Come on down to the crossroads—or the CMA Theatre in Nashville—as we walk through the jaw-dropping rig of devilishly talented shredder Steve Vai.
Steve Vai is much more than a great guitarist. The American guitarist has established himself as a key figure in guitar culture, and one of the world’s leading masters of shred. Vai broke on the scene in 1980 as Frank Zappa’s transcriptionist, until Zappa hired Vai, age 20, to join his touring band—Zappa allegedly called Vai his “little Italian virtuoso.”
Bolstering his guitar theatrics with sharp songwriting and producing, Vai went on to conquer the world of guitar music, winning three Grammys and selling 15 million records. PG was lucky to be invited to Vai’s recent show at the Country Music Hall of Fame’s CMA Theatre in Nashville, where his tech, Doug MacArthur, took John Bohlinger through Vai’s jaw-dropping current touring rig.
Special thanks to Doug MacArthur for explaining this incredibly complex rig.
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Currently on its fifth neck, Vai’s trusty axe has been a constant for touring and recording since roughly 1992. It sports DiMarzio “Evolution Bridge” pickups in both the neck and bridge position, “EVO gold” Jumbo frets, and a cosmo black Ibanez LO-PRO tremolo. Vai keeps this one in standard tuning, courtesy of .009-.042 Ernie Ball Super Slinkies.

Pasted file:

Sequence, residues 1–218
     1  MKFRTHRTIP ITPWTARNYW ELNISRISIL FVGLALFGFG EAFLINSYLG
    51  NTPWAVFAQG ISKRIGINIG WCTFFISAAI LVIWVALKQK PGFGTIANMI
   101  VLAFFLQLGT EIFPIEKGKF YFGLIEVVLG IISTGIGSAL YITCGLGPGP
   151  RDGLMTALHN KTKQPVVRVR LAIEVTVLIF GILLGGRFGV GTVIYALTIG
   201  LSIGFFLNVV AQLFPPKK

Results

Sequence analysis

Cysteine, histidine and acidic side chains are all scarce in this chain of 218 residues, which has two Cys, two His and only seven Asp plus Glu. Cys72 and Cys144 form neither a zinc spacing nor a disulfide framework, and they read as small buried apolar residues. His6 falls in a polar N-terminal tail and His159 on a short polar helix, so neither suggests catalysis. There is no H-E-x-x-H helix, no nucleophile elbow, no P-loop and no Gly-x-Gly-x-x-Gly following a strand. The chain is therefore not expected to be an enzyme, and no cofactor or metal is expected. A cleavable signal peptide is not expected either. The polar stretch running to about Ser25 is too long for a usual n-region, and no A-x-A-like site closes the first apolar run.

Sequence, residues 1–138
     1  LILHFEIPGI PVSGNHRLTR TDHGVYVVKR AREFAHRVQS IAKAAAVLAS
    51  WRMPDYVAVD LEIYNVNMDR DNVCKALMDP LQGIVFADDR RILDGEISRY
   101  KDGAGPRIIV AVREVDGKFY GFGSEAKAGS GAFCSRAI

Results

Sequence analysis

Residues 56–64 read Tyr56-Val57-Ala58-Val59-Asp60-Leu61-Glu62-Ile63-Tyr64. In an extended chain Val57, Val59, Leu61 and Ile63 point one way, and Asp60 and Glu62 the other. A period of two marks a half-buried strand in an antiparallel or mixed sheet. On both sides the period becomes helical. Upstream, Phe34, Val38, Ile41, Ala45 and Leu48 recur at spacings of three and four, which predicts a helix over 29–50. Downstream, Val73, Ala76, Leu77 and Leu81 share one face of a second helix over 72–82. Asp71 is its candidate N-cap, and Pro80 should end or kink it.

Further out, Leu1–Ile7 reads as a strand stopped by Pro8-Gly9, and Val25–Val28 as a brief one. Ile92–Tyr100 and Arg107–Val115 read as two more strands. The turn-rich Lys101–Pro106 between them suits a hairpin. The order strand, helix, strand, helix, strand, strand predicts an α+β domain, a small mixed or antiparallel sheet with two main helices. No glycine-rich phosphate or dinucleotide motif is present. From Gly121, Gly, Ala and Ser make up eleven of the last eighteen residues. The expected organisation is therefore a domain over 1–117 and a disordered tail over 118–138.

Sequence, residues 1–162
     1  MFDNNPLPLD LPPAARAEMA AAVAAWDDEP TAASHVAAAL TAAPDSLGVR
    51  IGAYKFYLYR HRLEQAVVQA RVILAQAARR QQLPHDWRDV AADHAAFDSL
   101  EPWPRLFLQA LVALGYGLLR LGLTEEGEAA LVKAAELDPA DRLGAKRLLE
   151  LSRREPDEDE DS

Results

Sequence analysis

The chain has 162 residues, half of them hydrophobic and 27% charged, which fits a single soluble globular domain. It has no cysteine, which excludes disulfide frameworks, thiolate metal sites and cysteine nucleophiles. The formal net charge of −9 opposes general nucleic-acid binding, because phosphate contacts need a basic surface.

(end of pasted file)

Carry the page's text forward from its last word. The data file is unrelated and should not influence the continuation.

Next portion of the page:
Flo III has been Vai’s main guitar since the late 2000s. This Jem was assembled at the Ibanez Los Angeles Custom Shop, where it was fitted with a Fernandes Sustainer, and modified with a lightly scalloped fretboard. It’s outfitted with EVO gold jumbo frets, a DiMarzio Evolution Bridge pickup, and an Ibanez LO-PRO tremolo. This one also lives in standard tuning, with .009-.042 Ernie Ball Super Slinkies.
A truly unique aesthetic. Circa 2001, BO was the prototype for the “Jem 77BRMR” model. You’ll notice the mirror crazing under the finish, on the forearm contour. This was worked out for production models, but Vai fell in love with the sound of this particular prototype, and has kept it in the touring lineup since the early 2000s. The neck boasts blue LED front and side dot markers, which were done by Martin Sims. It’s equipped with Jumbo Jescar nickel silver frets, a Fernandes Sustainer, a DiMarzio Evolution bridge pickup, and a LO-PRO Ibanez tremolo. This one rides in drop C tuning, with a set of .010-.052 Ernie Ball Skinny Top Heavy Bottoms.
This one is a production model Ibanez John Schofield JSM, outfitted in a loud Bonvillain Dip, with gold leaf binding and unique pin-striping on the back. The electronics are stock, although the tone controls have been disconnected. Little Pretty sports locking Grover tuners, and a Tusq nut. Doug MacArthur has also re-radiused the fretboard to 16” throughout, and re-fretted it with Jumbo EVO gold fretwire, giving this guitar a very familiar feel to Vai. Plus, it’s gussied up with a very well-loved fluffy white strap!
Zeus is a 1998 one-off prototype for the Hoshino 90th anniversary Jem model. Only one 7-string with this aesthetic was made, and it has remained stored away in Steve’s collection until recently, when pulled into touring duty in early 2023. It’s got custom chrome-topped DiMarzio Blaze pickups, and abalone dot inlays, mods made by MacArthur to get it ready for its first tour. It has jumbo nickel-silver frets, and hangs in standard tuning with a low A, thanks to .009-.056 Ernie Balls.
Made in the early 2000s by the Ibanez Custom Shop, this unique Jem/Strat hybrid boasts a classic sound while still maintaining the Vai aesthetic. It’s loaded with Fender Fat 50s single coils, a Wilkinson tremolo, and EVO gold jumbo frets over 21 frets with a custom 12” radius.
The Beast With Three Necks